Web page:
Jonah isn’t your run of the mill kind of prophet. His story is so off the wall that it’s nearly unbelievable at moments. The book of Jonah is a true, pliable story of the Bible that is seemingly suspended in time and place for the sake of engaging the curiosity and belief of countless generations. It’s a story of faith and doubt, anger and sadness, judgment and mercy — and, of course, a big fish.
Unlike many prophets of the Bible, you look at Jonah and think, “You know what? That could be me.” We get angry when bad people don’t get what they deserve. We’re most comfortable with our way of seeing the world. We know what it’s like to run from discomfort towards ease. But “Jonah” isn’t primarily about Jonah — and it’s not primarily about us. It’s about the character of God and his unrelenting kindness. As we step into Jonah’s story, we’re also taking a deeper look at our own stories — and as we unpack what we find we’ll discover that God’s kindness isn’t just grand, it’s offensively so!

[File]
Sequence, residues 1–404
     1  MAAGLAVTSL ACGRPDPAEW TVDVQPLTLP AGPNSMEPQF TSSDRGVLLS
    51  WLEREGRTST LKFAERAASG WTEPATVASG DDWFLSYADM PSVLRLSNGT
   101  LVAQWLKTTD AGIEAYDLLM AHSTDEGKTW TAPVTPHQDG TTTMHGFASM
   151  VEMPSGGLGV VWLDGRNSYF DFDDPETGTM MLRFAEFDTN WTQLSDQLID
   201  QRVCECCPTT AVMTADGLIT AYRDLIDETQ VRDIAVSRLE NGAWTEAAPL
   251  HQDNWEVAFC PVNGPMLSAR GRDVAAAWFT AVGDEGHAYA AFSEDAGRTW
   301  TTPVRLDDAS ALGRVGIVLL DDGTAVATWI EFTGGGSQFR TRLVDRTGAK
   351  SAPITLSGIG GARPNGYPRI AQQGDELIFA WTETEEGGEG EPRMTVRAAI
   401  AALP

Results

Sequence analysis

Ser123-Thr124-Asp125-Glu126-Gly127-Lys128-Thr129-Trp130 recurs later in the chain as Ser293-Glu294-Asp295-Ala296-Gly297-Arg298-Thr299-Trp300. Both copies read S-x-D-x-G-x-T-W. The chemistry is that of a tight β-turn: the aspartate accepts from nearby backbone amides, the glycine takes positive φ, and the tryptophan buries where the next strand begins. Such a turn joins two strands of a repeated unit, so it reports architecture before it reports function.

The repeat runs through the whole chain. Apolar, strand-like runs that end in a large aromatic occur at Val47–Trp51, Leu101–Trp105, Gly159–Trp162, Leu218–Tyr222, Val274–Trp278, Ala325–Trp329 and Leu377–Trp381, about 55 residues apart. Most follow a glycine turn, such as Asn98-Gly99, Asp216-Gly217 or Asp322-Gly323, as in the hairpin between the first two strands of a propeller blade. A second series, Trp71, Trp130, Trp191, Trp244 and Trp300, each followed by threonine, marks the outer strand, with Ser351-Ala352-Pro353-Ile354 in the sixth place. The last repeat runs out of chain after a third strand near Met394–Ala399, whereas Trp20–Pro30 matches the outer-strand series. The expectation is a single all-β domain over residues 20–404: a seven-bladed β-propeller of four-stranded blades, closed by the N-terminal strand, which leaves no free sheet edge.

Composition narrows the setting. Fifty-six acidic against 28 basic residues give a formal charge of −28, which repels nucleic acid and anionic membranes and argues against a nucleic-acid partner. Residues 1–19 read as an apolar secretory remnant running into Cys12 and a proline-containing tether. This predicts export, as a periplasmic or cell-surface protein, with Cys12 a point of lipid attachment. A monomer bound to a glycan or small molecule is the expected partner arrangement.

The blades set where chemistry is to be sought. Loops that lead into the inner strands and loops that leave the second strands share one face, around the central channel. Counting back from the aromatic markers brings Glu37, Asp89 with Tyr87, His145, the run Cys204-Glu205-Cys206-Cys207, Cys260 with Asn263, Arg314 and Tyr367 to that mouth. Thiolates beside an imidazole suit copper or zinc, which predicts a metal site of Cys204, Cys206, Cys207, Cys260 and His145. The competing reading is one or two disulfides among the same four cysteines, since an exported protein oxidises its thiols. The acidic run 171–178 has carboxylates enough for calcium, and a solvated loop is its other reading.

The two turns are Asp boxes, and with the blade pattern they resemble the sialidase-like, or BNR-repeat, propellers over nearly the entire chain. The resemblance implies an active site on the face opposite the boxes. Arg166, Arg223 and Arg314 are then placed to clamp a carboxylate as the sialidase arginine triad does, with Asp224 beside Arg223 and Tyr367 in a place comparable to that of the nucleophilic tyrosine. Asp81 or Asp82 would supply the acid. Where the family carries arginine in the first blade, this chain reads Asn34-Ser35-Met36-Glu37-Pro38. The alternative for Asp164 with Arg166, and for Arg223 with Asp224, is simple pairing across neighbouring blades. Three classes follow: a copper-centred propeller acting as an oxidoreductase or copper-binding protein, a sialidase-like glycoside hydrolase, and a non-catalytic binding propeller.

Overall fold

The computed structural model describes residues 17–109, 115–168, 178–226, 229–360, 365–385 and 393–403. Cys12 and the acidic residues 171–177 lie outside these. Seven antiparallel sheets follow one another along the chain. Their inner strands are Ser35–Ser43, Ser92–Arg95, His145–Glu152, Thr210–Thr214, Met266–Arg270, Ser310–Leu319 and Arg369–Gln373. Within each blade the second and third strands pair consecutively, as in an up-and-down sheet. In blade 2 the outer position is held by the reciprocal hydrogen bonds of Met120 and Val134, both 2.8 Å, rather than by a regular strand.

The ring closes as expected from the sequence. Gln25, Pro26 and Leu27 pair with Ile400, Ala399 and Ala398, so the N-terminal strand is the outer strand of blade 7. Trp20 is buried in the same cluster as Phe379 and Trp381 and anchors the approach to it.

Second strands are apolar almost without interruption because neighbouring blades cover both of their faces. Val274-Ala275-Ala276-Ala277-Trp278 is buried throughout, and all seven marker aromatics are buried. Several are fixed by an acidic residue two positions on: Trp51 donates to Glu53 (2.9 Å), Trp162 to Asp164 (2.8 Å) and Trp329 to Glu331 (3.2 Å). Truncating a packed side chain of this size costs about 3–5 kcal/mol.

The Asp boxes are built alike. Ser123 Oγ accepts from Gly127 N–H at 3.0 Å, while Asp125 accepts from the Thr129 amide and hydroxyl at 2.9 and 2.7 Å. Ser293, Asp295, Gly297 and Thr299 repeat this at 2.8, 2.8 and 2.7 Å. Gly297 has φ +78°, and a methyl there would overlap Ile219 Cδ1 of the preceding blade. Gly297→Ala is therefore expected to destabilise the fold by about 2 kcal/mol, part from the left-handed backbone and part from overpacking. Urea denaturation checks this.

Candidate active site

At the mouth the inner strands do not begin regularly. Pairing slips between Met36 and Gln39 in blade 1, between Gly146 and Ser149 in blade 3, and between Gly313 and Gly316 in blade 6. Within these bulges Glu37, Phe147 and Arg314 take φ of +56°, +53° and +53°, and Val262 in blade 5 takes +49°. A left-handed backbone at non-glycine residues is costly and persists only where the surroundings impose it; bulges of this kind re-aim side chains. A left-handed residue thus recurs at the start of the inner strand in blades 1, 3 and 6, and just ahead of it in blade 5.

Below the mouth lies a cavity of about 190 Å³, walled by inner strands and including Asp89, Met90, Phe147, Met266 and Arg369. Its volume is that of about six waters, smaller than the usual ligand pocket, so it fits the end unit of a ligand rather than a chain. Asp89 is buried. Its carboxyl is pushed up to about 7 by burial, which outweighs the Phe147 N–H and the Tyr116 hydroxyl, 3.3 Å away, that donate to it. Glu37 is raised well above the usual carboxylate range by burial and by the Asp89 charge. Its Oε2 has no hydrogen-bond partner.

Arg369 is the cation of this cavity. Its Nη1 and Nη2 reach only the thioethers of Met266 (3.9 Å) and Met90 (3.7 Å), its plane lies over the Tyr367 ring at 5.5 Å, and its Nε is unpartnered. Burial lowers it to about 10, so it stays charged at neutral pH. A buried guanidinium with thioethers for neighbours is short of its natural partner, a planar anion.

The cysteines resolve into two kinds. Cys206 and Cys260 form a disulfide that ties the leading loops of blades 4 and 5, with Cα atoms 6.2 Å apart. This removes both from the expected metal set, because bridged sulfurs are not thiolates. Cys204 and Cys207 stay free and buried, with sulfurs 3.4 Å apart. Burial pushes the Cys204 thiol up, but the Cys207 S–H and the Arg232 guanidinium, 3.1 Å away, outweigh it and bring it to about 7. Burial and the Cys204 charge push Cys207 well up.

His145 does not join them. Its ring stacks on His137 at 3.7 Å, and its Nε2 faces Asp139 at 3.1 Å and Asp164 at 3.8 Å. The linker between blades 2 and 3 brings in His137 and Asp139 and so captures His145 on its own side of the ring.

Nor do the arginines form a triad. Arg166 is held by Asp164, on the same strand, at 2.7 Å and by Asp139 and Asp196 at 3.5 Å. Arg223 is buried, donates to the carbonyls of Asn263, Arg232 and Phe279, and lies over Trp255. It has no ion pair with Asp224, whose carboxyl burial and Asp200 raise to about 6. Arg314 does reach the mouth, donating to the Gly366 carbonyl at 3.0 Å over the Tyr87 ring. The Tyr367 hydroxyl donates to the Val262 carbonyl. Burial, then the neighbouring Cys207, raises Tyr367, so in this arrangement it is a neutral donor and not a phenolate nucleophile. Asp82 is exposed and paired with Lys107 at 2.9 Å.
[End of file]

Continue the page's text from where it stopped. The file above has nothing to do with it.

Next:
“Jonah wants a God of his own making, a God who smites the bad people, for instance, the wicked Ninevites, and blesses the good people, for instance, Jonah and his countrymen. When the real God — not Jonah’s counterfeit — keeps showing up, Jonah is thrown into fury or despair. Jonah finds the real God to be an enigma because he cannot reconcile the mercy of God with his justice.“— Tim Keller, Prodigal God
Like most prophets in the Bible, Jonah is trying to make sense of God’s mercy and justice. That’s why the book of Jonah is preoccupied with one question above all else: How can God be both merciful and just without one canceling the other out? We’re asking ourselves the same question as we step into this sermon series: The Offense of Mercy. Join us this fall as we explore this imminently practical book of the Bible…and yes, we’ll talk about the big fish.
- A Gracious and Compassionate God: Mission, Salvation and Spirituality in the Book of Jonah by Daniel C. Timmer
- Man Overboard! by Sinclair B. Ferguson